Life satisfaction for Irish teens ranked among lowest in Europe
Irish adolescents less likely to say they drink or smoke, but many suffer cyberbullying
The World Health Organisation (WHO) study featured survey responses from more than 227,000 children aged 11, 13, and 15, from 44 different European countries and Canada. Photograph: Alan Betson
Irish teenagers are among the least satisfied with life compared to their counterparts in 45 countries, according to a major new study.
The country’s 15-year-olds ranked second from the bottom when it came to life satisfaction in a table of European countries, above only Malta.
And 13-year-olds here reported lower than average satisfaction with life, ranking 35th in the survey. Only 11-year-olds seemed more content, ranking 25th in their age group for life satisfaction.
The World Health Organisation (WHO) study featured survey responses from more than 227,000 children aged 11, 13, and 15, from 44 different European countries and Canada.
When it came to alcohol consumption, Irish 13-year-olds ranked among the least likely to say they had tried alcohol before, 39th out of 45 countries. Greece topped the table, followed by Wales, France and then England. Similarly, Irish 15-year-olds surveyed ranked below the average.
Irish teens and tweens were also among the least likely to state they had smoked tobacco before – 11-year-olds were third from the bottom out of 42 other countries, 13-year-olds were fifth from the bottom, and 15-year-olds were eight from the bottom of the table.
The Irish component of the study, published on Tuesday, was led by Prof Saoirse Nic Gabhainn in NUI Galway’s Health Promotion Research Centre.
Ireland ranked in the middle of the table when it came to 15-year-olds who had smoked cannabis before, with Bulgaria at the top.
The survey shows Irish teenagers rank high for problematic social media use compared to other countries. Problematic use of social media relates to an over-reliance on platforms, or where the young person felt unhappy when they were not online, or if their social media use created other problems in their life such as family disputes.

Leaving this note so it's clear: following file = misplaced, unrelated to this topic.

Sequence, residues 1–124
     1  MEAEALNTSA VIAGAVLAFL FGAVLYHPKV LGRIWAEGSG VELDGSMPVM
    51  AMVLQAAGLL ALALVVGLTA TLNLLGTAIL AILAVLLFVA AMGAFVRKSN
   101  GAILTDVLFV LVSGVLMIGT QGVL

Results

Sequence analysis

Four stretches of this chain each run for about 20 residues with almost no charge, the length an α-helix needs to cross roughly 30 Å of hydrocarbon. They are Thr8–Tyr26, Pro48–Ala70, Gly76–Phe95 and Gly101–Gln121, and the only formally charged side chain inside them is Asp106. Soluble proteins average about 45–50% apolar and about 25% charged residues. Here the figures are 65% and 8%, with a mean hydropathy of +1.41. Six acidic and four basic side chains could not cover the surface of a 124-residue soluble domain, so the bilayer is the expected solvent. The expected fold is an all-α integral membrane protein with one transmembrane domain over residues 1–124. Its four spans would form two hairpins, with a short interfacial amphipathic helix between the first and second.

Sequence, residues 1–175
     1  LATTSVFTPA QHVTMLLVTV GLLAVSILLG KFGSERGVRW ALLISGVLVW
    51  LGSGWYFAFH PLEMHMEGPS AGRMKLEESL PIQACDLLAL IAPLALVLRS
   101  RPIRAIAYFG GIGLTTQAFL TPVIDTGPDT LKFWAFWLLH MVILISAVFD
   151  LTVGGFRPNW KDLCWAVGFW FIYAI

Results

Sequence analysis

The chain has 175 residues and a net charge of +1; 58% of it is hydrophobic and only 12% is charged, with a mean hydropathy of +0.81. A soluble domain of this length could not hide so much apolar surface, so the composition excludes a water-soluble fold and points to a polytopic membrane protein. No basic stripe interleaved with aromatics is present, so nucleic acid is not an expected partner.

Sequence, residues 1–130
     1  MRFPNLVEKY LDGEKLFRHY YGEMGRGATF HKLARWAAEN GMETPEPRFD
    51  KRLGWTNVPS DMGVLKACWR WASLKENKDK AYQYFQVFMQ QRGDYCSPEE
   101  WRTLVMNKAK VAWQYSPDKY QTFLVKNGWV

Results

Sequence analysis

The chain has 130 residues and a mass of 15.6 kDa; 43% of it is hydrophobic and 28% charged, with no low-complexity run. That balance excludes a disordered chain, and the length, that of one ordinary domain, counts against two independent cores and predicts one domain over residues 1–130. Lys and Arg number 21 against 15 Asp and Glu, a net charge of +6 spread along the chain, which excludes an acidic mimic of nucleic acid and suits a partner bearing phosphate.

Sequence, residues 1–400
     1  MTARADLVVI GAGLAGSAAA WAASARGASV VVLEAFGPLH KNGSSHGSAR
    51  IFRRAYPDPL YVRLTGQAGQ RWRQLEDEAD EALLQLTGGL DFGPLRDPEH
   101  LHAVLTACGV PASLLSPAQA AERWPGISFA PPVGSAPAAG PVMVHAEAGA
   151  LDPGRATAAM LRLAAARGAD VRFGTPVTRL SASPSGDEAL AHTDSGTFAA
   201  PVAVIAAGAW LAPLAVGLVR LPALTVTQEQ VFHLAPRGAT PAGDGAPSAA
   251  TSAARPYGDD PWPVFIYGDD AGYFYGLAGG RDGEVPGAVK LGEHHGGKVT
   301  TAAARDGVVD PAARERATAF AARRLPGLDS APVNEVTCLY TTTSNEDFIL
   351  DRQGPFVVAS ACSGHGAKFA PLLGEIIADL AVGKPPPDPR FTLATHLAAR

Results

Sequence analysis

Irish 13-year-olds were the fifth highest in the survey of European countries to report problematic social media use. And they also experienced higher than average cyberbullying, with both teenage groups ranking 10th in the table when it came to having been cyberbullied in recent months. Girls were more likely than boys to have experienced online abuse.
Irish 15-year-olds were less likely to report having had sex, ranking 32nd out of 43 countries.
In terms of diet, Irish adolescents were among the most likely to eat breakfast and reported low levels of sugar-sweetened soft drink consumption, compared to peers in other countries. And Irish 11-year-olds surveyed also reported the third-highest levels of moderate or vigorous physical activity.
Prof Nic Gabhainn said the higher levels of problematic social media use and cyberbullying among Irish teenagers was one area of “concern”.
“It is positive to note we retain comparatively low rates of substance use and high rates of physical activity,” she said.